The situation becomes even more complex if the company is a "serial acquirer." One acquisition is followed by others, and before too long managers are struggling to synchronize the efforts of up to a dozen development sites. This is, of course, possible, but it is not easy. Over time, a good deal of management bandwidth becomes devoted to the peculiarities of globally distributed development (e.g., coordinating meetings across time zones, increased travel for face-to-face meetings, integrating and testing code developed in separate labs, etc.).

As the inconvenience and expense of managing distributed development grows with the number of sites, managers often long for co-location. Consolidating teams into a single site can become appealing for several reasons:

  1. Versatility. Development priorities change over time. Managers need to respond to changing priorities by re-tasking development teams rapidly and effectively. You may discover that you need twenty server-side developers on the next release of a product, rather than twelve. However, suppose that you have only twelve engineers at the site in question, but you have up to fifteen more developers at another site that could be reassigned. You are faced with an ugly choice between hiring off the street at the first site, or creating a potentially artificial division of work between the two development sites. It would have been far easier if all 27 engineers were in the same place.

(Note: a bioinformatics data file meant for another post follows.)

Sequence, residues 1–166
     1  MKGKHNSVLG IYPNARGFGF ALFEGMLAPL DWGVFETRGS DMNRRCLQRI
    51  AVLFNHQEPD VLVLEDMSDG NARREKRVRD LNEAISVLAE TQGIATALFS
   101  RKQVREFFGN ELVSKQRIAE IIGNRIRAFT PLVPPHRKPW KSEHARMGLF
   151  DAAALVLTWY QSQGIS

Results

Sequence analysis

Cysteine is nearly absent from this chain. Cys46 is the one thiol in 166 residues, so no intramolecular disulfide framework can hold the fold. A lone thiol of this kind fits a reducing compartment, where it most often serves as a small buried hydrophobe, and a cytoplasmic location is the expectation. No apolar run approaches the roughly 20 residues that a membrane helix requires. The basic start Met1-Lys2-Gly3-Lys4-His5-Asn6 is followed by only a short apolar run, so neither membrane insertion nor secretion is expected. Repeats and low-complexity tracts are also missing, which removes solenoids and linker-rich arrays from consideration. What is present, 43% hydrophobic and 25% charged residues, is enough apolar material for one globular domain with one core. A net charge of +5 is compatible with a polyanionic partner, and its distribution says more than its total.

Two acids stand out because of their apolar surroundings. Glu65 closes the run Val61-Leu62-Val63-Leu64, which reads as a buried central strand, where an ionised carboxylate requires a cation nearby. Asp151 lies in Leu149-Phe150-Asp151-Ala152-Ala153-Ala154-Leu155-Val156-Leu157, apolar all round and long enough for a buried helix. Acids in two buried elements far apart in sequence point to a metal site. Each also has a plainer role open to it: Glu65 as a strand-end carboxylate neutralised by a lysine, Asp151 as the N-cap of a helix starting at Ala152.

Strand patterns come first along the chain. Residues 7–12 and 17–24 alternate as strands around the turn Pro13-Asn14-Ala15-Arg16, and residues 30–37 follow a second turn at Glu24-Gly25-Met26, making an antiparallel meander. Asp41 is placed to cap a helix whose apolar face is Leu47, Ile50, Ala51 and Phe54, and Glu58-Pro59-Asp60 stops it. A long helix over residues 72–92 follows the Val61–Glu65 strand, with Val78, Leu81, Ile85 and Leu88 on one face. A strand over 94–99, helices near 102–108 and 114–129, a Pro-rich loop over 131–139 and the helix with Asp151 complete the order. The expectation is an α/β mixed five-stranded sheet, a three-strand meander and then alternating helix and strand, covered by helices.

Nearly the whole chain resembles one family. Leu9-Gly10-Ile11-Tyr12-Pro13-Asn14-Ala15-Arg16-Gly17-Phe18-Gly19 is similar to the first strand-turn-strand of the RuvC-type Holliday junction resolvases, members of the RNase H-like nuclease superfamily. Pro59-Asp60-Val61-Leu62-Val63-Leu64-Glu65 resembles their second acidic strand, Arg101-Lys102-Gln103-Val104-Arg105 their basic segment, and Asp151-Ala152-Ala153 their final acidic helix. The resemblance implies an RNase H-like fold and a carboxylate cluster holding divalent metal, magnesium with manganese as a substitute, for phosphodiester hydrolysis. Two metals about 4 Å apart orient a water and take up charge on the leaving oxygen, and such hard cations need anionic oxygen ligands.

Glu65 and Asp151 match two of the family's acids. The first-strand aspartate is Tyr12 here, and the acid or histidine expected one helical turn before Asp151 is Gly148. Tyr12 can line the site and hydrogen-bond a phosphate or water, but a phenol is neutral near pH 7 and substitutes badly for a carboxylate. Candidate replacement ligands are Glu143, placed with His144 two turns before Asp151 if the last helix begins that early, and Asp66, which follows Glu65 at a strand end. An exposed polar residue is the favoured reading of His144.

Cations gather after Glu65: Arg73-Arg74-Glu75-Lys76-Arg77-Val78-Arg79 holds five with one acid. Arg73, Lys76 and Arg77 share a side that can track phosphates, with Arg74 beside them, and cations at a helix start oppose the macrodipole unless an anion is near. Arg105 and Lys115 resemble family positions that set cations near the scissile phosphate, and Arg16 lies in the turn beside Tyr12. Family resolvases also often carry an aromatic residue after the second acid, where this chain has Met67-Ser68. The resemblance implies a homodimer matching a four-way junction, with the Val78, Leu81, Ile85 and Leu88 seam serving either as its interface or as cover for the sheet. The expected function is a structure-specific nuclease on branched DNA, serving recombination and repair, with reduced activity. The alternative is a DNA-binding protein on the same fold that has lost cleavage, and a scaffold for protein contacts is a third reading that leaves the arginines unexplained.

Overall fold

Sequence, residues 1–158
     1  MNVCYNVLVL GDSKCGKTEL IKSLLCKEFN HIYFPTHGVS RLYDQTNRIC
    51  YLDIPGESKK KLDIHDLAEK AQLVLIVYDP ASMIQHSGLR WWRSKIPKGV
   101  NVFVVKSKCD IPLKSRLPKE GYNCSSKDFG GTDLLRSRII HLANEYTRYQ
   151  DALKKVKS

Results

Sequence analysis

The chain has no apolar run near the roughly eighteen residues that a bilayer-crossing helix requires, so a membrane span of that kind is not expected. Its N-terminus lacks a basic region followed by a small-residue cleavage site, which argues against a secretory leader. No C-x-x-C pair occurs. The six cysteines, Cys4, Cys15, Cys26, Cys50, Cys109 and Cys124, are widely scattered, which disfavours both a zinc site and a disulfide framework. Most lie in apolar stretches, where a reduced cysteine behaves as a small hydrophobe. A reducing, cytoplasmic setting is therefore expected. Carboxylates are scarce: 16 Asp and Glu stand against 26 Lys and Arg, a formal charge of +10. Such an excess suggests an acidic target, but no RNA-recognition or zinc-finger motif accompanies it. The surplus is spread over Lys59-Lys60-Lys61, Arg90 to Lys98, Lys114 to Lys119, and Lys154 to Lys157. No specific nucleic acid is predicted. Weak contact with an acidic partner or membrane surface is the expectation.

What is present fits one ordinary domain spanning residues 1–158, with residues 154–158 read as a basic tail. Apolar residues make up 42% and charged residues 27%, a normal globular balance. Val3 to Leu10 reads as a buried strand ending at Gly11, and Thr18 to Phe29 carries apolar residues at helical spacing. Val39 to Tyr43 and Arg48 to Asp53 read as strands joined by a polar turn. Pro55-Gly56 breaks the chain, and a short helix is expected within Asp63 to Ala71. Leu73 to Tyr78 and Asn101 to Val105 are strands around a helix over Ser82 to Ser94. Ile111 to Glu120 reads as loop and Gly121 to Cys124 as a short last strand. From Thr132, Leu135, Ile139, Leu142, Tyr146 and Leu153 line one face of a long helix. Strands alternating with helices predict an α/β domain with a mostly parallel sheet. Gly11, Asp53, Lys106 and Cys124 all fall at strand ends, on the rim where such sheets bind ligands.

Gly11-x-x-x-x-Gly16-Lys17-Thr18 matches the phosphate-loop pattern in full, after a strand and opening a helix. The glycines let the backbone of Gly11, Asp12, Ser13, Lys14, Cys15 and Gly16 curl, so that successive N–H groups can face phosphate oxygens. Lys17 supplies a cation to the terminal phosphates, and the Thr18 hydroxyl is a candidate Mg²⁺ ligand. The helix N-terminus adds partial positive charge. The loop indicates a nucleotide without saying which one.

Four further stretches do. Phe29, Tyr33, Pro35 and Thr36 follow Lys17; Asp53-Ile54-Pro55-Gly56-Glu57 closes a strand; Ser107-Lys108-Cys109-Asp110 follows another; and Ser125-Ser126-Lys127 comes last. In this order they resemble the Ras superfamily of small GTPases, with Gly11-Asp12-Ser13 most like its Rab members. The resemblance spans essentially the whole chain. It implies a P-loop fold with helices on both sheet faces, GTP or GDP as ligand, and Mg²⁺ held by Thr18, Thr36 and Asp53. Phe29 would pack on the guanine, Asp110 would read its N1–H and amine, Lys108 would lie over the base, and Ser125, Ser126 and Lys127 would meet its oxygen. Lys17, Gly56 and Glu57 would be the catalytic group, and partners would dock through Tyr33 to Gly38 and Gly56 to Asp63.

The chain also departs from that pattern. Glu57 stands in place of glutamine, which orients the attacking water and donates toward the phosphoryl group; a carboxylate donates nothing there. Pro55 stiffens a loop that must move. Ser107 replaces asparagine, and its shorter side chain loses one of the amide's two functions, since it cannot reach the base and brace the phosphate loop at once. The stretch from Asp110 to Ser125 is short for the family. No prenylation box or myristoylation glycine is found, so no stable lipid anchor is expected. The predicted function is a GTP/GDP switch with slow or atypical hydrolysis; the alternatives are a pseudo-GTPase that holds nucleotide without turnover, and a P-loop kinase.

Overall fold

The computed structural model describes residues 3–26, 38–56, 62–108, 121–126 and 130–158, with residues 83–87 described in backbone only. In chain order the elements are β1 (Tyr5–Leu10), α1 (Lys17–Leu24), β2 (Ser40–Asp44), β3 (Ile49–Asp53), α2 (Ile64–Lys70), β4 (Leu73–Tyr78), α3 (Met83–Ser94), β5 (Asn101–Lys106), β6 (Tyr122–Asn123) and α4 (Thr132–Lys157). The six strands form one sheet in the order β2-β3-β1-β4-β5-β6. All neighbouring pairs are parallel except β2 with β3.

2. Agility. Agile methods rightly place very high value on co-locating development teams to enable high-bandwidth communication among team members. Co-location gives you the best opportunity to get the maximum value from these methods.